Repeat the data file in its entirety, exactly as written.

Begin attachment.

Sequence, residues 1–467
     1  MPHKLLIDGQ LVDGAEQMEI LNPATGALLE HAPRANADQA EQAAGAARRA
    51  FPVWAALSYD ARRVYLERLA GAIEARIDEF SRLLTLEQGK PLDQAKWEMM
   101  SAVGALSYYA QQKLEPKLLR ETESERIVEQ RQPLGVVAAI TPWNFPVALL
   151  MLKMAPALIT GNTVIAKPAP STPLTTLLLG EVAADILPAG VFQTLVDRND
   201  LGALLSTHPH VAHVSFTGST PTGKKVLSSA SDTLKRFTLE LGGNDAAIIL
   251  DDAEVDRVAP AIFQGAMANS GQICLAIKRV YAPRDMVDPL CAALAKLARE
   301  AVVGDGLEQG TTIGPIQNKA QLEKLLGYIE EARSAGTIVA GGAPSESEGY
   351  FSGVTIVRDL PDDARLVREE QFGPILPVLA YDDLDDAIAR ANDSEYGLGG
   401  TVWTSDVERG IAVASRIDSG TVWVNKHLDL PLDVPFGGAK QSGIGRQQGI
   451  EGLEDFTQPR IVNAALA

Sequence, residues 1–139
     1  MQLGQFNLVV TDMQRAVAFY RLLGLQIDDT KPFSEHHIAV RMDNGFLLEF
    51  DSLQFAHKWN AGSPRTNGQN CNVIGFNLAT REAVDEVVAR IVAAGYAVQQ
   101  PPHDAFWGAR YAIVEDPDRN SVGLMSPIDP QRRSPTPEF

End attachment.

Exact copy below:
Sequence, residues 1–467
     1  MPHKLLIDGQ LVDGAEQMEI LNPATGALLE HAPRANADQA EQAAGAARRA
    51  FPVWAALSYD ARRVYLERLA GAIEARIDEF SRLLTLEQGK PLDQAKWEMM
   101  SAVGALSYYA QQKLEPKLLR ETESERIVEQ RQPLGVVAAI TPWNFPVALL
   151  MLKMAPALIT GNTVIAKPAP STPLTTLLLG EVAADILPAG VFQTLVDRND
   201  LGALLSTHPH VAHVSFTGST PTGKKVLSSA SDTLKRFTLE LGGNDAAIIL
   251  DDAEVDRVAP AIFQGAMANS GQICLAIKRV YAPRDMVDPL CAALAKLARE
   301  AVVGDGLEQG TTIGPIQNKA QLEKLLGYIE EARSAGTIVA GGAPSESEGY
   351  FSGVTIVRDL PDDARLVREE QFGPILPVLA YDDLDDAIAR ANDSEYGLGG
   401  TVWTSDVERG IAVASRIDSG TVWVNKHLDL PLDVPFGGAK QSGIGRQQGI
   451  EGLEDFTQPR IVNAALA

Sequence, residues 1–139
     1  MQLGQFNLVV TDMQRAVAFY RLLGLQIDDT KPFSEHHIAV RMDNGFLLEF
    51  DSLQFAHKWN AGSPRTNGQN CNVIGFNLAT REAVDEVVAR IVAAGYAVQQ
   101  PPHDAFWGAR YAIVEDPDRN SVGLMSPIDP QRRSPTPEF